Cho has gleefully disavowed HIS "Shanna" from having anything to do with Ka-Zar, her son, The Savage Land or indeed any of the rich feminist or environmentalist roots of the original character. To quote Mr. Cho from a 2002 interview...

To be quite honest, I've never read any Ka-Zar or Shanna stories in my life until couple of months ago. To prep me for Shanna, Marvel sent me a bunch of 1970's Shanna comics and couple of 1980's Shanna comics... Those Shanna comics were some of the worst comics that I've ever read in my life. So, I called up {senior editor} Axel Alonso at Marvel and told him that I'm completely reinventing her and build her up from scratch. No more B.S. animal rights or environmental message or stupid-ass stories about her being a daughter of a big game hunter or her being married to that Tarzan-lite, Ka-Zar. And Axel Alonso, bless that man, gave me his full support to radically redo Shanna.

To be honest, I was rather relieved to read those above words. Suddenly, it all made sense... why the book that Frank Cho has released has absolutely nothing to do with the original character; the one who I fell in love with reading Mark Waid's run on Ka-Zar.

Okay. So we aren't going to have any of the original plot or characterization behind Shanna. What CAN we expect to see in this series, Mr. Cho?

She's literally a brand new character with no ties to other books and stories. No Plunder clan. No stupid animal rights or environmental message. Nothing. It's strictly Shanna. You have to read it to see what I'm taking about."

Hmmm... so we're going to write the character by completely discarding everything that makes her unique and turn her into a general generic jungle bimbo, akin to what we've seen in Avatar Press' Jungle Fantasy? Interesting. But what will this new Shanna be about?

...action, suspense, humor, violence, nudity, and a whole lot of jiggling...

Well, not so much nudity now that Marvel has gone and Nerfed what was meant to be an adults-only book and thus removed the only worthwhile element of this revamp. I have said it before and I'll say it again; the only people buying Frank Cho books are adolescent boys in men's bodies, who are too scared to go out and buy a Playboy Magazine to satisfy their natural urges.

And having read the first issue of Frank Cho's Shanna (which you can read for free at Mile High Comics) I can tell you that the only serviceable use it has is as pornography for teenage boys. You can get the same basic effect of reading this book by watching Jurassic Park with the sound muted and a nude-picture of Gena Nolin taped to one side of the screen.

The story is trite stuff. Generic army grunts find a secret Nazi base (we know it's a Nazi base because they have Nazi flags all over it: nice way to keep it secret) and discover a naked woman grown inside a tank. They let her out, explore around and find a woman hiding inside a closet. Faster than you can say "dummkopf", the raptors are loose and ready to eat everyone. Bullets seem to have limited effect, but the mysterious naked (now covered under a blanket, John Ashcroft style) woman is able to snap their necks easy as pie.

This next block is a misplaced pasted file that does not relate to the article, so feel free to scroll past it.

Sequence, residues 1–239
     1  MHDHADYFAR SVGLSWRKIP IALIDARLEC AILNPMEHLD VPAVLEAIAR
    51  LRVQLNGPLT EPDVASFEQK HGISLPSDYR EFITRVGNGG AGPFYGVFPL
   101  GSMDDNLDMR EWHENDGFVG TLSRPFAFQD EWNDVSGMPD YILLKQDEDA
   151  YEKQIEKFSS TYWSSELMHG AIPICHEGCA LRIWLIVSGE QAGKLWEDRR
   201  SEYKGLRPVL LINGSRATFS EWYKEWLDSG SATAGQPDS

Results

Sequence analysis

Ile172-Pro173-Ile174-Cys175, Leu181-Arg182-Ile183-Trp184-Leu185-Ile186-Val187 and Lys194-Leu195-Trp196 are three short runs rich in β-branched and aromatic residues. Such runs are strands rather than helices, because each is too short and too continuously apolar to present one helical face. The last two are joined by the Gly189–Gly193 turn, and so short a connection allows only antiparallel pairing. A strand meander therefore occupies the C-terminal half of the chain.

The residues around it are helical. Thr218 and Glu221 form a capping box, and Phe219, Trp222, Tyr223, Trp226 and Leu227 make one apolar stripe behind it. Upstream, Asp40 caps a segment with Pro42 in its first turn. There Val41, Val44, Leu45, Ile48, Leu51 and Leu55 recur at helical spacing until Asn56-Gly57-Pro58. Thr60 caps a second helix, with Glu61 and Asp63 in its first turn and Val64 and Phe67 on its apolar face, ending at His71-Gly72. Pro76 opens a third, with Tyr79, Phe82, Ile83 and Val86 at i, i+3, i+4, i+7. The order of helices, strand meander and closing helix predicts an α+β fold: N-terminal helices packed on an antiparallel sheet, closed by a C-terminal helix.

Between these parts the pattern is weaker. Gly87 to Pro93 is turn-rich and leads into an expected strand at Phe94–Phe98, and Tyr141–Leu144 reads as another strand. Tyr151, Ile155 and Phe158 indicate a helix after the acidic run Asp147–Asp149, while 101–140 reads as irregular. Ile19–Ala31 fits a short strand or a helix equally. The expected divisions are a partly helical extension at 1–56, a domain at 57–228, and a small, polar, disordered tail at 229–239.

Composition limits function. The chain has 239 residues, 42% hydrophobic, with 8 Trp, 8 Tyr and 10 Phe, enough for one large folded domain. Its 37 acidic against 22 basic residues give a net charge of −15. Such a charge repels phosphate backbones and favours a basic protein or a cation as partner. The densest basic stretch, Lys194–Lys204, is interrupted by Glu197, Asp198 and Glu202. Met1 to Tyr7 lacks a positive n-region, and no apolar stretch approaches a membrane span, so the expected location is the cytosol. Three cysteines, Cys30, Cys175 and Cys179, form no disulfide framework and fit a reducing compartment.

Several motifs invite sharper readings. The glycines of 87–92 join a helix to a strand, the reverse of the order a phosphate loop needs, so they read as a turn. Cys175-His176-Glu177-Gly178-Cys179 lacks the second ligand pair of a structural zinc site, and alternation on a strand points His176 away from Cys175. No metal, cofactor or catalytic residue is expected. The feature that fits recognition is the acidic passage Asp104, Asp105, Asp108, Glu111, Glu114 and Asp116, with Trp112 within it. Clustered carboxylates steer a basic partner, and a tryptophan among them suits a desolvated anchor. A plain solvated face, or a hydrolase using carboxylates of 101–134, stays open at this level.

Honestly, I couldn't care less about this series anymore. For once, Marvel's lassie faire editorial policy will work to our benefit. If this story no longer has to be part of a set continuity, then it doesn't matter how poorly written it is. It doesn't matter that one of the first feminist characters of Old Marvel has been turned into a screaming example of why most women avoid comic shops like the plague. It doesn't even matter that Shanna is a blonde when she's supposed to be a redhead.

Why? Because you boys can have your fun for the next seven months. We real men will enjoy ourselves reading about a real woman.

Still, don't take my word for it. Here is a list of every comic in my collection featuring the original Shanna, The She-Devil. I encourage you all to track these issues down and judge for yourselves which is better; the feminist crusader or the wordless wild-woman.

Shanna, The She-Devil #1-5
Rampaging Hulk : Vol. 2, #9
Ka-Zar : Vol. 2, #1-2
Daredevil : Vol. 1, #109, 111-113, 117
Marvel Two-In-One #3
Savage Tales #8-10
Marvel Fanfare : Vol. 1, #56-59
Contest of Champions #1
Ka-Zar : Vol. 3, #1-32, 34
Uncanny X-Men Annual #7 and #12
Avengers : Vol. 1, #257
Iron Man : Vol. 1, #202
Fantastic Four : Vol. 2, #316-317
West Coast Avengers Annual #3
Marvel Comics Presents #13, 16, 68-77
Uncanny X-Men #250, 274-275, 354
Ka-Zar: Graphic Novel
Namor : Vol. 1, 16-19, 21
Tales of the Marvel Universe #1
Sensational Spider-Man #13-15
Ka-Zar Annual '97
Ka-Zar : Vol. 4, #1-20
Captain America : Vol. 3, #29, 31

One last thought, before I close out. For the real woman in my unreal life.

Sierra, baby? Happy Valentine's Day!

Tune in next week. Same Matt time. Same Matt website.